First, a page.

If there is one figure in the latest Siena College poll that explains incumbent Byron W. Brown’s commanding lead in Tuesday’s Democratic primary for mayor, it may very well be the 78 percent of respondents who say Buffalo is on the right track.

Just about all the poll’s other statistics – Brown’s 70 percent favorable rating, the 63 percent who approve of his job performance, and the 2-to-1 lead over his challenger – stem from the belief of so many that the city’s overall picture looks bright.

“This is a phenomenal number,” pollster Steven A. Greenberg said of the 78 percent who see the city headed in the right direction. “That’s why the mayor is in front.”

The latest Siena Research Institute poll conducted last week for The Buffalo News and WGRZ-TV/Channel 2 shows that Brown leads Bernard A. Tolbert 63 to 30 percent among Democrats likely to vote Tuesday in the primary.

The percentage of voters viewing Buffalo as on the right track has increased substantially since the last Siena poll in August, Greenberg added. That survey showed 56 percent thought the city was headed in the right direction.

But Greenberg also noted the latest “horse race” measurement showing has not changed substantially from the 61 to 32 percent tally measured in August.

Brown’s favorable rating have also increased, however, from 58 to 70 percent in the last three weeks. Tolbert’s favorability rating also has improved, from 39 to 46 percent.

“What has changed is that Brown’s favorables have really skyrocketed,” Greenberg said. “Tolbert is also becoming more well known but not necessarily more well liked.”

Following a string of endorsements from top New York Democrats, a flurry of positive advertisements, and even one spot featuring high praise from the president of the United States (filmed during President Obama’s recent speech at the University at Buffalo), Brown enters the last days of the primary campaign with a lead that poses a huge challenge for Tolbert.

And while the challenger is now recognized by many more voters and 46 percent view him favorably, Tolbert still trails in just about every demographic.

Brown leads among black voters, for example, 82 to 12 percent, and among whites 53 to 41 percent. Significantly, the poll also shows that 90 percent of those surveyed believe Brown will win the primary election on Tuesday.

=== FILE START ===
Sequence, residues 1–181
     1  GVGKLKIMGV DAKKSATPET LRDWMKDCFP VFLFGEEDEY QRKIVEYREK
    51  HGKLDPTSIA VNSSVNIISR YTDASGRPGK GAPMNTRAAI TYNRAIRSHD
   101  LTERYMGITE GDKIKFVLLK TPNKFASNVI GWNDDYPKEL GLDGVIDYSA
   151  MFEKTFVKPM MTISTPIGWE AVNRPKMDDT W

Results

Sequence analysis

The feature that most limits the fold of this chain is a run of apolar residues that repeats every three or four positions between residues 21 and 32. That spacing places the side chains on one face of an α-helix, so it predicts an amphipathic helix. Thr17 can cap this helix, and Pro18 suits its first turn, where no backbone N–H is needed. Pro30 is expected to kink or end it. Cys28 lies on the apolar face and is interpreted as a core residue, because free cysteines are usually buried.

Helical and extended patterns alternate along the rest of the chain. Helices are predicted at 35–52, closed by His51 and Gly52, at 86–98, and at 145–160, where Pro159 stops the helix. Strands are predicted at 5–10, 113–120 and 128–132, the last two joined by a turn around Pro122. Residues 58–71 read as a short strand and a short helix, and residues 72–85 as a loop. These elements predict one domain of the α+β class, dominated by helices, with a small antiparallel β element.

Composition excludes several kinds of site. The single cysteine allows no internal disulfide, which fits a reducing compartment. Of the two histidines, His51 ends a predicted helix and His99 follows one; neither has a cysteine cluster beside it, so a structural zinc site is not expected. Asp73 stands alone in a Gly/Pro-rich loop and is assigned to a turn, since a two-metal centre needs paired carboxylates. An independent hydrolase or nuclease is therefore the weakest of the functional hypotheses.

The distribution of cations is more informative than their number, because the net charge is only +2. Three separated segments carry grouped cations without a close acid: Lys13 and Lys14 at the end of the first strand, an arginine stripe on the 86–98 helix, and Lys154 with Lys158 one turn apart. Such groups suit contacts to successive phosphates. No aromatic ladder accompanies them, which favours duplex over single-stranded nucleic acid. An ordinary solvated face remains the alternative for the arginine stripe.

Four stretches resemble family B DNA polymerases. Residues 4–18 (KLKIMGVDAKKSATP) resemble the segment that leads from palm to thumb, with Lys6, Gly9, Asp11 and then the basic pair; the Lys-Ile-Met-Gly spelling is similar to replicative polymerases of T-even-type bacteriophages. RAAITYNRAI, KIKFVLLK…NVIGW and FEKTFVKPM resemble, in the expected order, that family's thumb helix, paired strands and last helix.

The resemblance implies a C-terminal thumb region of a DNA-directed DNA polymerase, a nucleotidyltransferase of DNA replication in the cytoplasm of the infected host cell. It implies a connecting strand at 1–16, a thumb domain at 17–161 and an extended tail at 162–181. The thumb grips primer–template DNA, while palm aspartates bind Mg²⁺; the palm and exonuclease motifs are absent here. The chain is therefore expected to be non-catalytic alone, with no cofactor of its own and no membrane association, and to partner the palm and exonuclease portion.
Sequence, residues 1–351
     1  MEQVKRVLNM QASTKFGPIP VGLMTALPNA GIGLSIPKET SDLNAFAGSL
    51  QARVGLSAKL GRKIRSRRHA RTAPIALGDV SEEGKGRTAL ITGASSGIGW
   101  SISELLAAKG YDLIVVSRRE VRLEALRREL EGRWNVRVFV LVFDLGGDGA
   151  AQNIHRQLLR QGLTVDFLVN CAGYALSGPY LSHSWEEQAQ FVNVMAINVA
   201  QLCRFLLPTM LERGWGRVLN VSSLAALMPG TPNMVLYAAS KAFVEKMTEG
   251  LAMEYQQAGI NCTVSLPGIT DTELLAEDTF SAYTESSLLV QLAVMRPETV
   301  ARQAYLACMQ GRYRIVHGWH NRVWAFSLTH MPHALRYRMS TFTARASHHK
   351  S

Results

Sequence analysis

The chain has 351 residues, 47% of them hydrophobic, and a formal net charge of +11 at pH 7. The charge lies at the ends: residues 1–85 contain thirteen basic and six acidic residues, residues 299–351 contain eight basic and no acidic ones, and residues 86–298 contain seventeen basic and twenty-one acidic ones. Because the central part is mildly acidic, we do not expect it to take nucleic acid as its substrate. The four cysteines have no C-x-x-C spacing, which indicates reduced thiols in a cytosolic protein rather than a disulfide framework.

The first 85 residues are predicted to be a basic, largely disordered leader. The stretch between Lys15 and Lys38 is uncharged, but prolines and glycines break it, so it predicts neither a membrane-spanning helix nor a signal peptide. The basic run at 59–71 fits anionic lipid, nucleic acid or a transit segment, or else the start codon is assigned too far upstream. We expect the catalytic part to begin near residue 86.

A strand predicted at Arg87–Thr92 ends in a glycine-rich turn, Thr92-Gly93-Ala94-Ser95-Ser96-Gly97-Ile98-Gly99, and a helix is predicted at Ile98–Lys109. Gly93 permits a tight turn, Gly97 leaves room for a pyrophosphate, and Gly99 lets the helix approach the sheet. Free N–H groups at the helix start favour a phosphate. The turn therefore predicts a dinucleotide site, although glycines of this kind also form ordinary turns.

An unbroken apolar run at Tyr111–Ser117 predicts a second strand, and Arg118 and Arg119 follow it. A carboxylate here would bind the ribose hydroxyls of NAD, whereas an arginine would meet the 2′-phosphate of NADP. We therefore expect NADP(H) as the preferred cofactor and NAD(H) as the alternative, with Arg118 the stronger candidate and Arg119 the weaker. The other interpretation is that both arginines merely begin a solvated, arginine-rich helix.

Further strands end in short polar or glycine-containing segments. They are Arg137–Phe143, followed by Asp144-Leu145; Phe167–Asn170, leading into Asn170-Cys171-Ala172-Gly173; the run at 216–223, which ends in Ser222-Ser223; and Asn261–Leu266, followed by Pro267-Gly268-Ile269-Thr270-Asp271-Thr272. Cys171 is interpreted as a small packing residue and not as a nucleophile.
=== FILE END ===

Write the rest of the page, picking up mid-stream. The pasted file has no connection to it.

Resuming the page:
“I am hard-pressed to see how 90 percent of the people can be wrong,” Greenberg said.

Tolbert said late Saturday the poll results do not jibe with the reaction he gets every day from citizens he visits on the streets of Buffalo.

“They tell me they’re glad I’m running and it’s time for a change,” the challenger said. “I don’t know how to match that with what the polls say.”

Tolbert, former special agent in charge of the Buffalo FBI, also questioned the poll’s indication that 78 percent of those surveyed see the city as on the right track. He said the lofty figure may stem from the perception that “things have been bad for a long time.”

“I don’t quite hear that when I talk to folks,” he said. “The refrain I get is that crime is a huge problem.”

Brown, meanwhile, said he was most heartened by the “right track, wrong track” figure.

“To see 78 percent of those polled say Buffalo is on the right track makes me feel proud of the work we’ve done and continue to do,” he said, attributing such approval to such tangible signs as construction cranes on the waterfront and at the Buffalo Niagara Medical Campus.

“Clearly, people see the progress we’ve made,” he said. “It’s tangible, it’s bricks and mortar, it’s real.”

The poll, which surveyed 502 Buffalo Democrats who are likely to vote, was conducted Tuesday through Friday and has a margin of error of plus or minus 4.4 percentage points. Greenberg pointed out that results have varied only slightly through the three surveys conducted for The News and Channel 2, but that the latest carries the most weight following a round of debates (one televised), a blizzard of television ads by both candidates, and the fact that most voters are now engaged in the campaign at summer’s end.

The polls shows education remaining the most pressing issue for those planning to vote on Tuesday, coming in first at 29 percent. Tolbert has rightly put that issue at the top of his agenda, Greenberg said, but his other top issue – crime – ranks fourth at 19 percent.

Jobs (20 percent) and economic development (24 percent) rank ahead of crime, though crime ranks second on the list for Tolbert voters at 28 percent.

The survey also indicated that the vast majority of Buffalo Democrats – 76 percent – are satisfied with the choices of Brown, Tolbert and Republican Sergio R. Rodriguez as candidates for mayor.

Rodriguez will face the winner of the primary election in November.